McDonald's said Wednesday it is launching an initiative to recruit new franchise owners from underrepresented communities and will offer millions in financing to help those who struggle to get funding.
The fast-food giant says it will dedicate $250 million over five years to help potential franchisees in the U.S. who have difficulty getting funding from other sources to buy a McDonald's restaurant.
McDonald's, which has been accused of racial discrimination by dozens of Black former and current franchise owners in the last two years, says the global initiative is part of a broader effort to make its leadership and supplier network more inclusive and to ensure its franchisees reflect the communities in which they operate.
"Upfront entry costs are a barrier to entry for many entrepreneurs who may have limited access to capital,'' Chris Kempczinski, McDonald's President and CEO, said in a message to employees that was viewed by USA TODAY. "This barrier may be particularly felt by candidates from different backgrounds, including from historically underrepresented groups. To address the issue, we will seek to reduce upfront equity requirements for eligible franchisee candidates.''
The company says it will reach out to community-based organizations and other groups to identify potential restaurant owners and provide training and support for new franchisees.
"This will help new franchisees get off to a strong start, and give all franchisees an equal opportunity to grow,'' Kempczinski said, adding that development programs will be expanded to all restaurant owners.
Lawsuits and walkouts
McDonald's has announced various diversity goals and measures amid numerous allegations of racial discrimination by Black franchise owners and employees.
In September 2020, 52 Black former McDonald’s franchisees sued the fast-food giant, alleging they faced racial discrimination that included being steered to restaurants with lower profit potential and being denied the same financial support as their white peers.
And last fall, three current and former McDonald's employees filed a civil rights complaint accusing managers at a local McDonald's of using racially derogatory terms and giving fewer hours and more extreme discipline to Black employees than it did to their white co-workers.
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According to a separate discrimination complaint filed in February by Herbert Washington, another Black franchisee, the number of Black McDonald's owners dropped from 377 in 1998 to 186 this year. McDonald's responded that the share of restaurants with Black owners was "broadly unchanged'' during that time period.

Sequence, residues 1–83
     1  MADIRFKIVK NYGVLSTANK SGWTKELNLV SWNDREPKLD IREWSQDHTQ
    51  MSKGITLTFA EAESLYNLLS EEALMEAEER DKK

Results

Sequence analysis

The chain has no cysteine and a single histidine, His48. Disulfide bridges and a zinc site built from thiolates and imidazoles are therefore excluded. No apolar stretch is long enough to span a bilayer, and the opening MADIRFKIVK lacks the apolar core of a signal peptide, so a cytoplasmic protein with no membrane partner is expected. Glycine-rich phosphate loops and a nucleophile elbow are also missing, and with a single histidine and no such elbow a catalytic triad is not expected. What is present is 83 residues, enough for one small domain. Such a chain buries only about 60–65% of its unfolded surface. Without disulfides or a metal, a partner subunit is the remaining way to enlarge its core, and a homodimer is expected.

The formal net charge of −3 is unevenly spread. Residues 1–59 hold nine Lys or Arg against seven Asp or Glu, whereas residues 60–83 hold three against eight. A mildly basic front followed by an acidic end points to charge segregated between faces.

Currently, the company says that 29.6% of franchise owners in the U.S. identify as Asian, Black or Hispanic, while roughly 30% are women.
ln February, the company said it was setting goals to boost the number of women in its senior leadership worldwide from 37% to 45% in four years, and to achieve gender parity by the end of 2030. It is aiming to increase the number of top leaders from historically underrepresented groups from 29% to 35% by the end of 2025.
USA TODAY has asked companies in the S&P 100, which is comprised of the largest and most valuable corporations in the nation, to turn over their EEO-1 reports, forms that detail how many women and people of color work throughout an organization. The forms must be submitted each year to federal regulators who have refused to disclose them to the public.
McDonald's provided its 2018 EEO-1 to USA TODAY, but declined to release its 2019 and 2020 EEO-1 reports saying it planned to do so in the first quarter of next year.
McDonald's has also faced numerous complaints about sexual harassment, with workers staging walkouts in several cities to call for the workforce to unionize to help address the issue.
Contributing: Jessica Guynn, The Associated Press
Follow Charisse Jones on Twitter @charissejones
This article originally appeared on USA TODAY: McDonald's to commit $250 million to help recruit diverse franchisees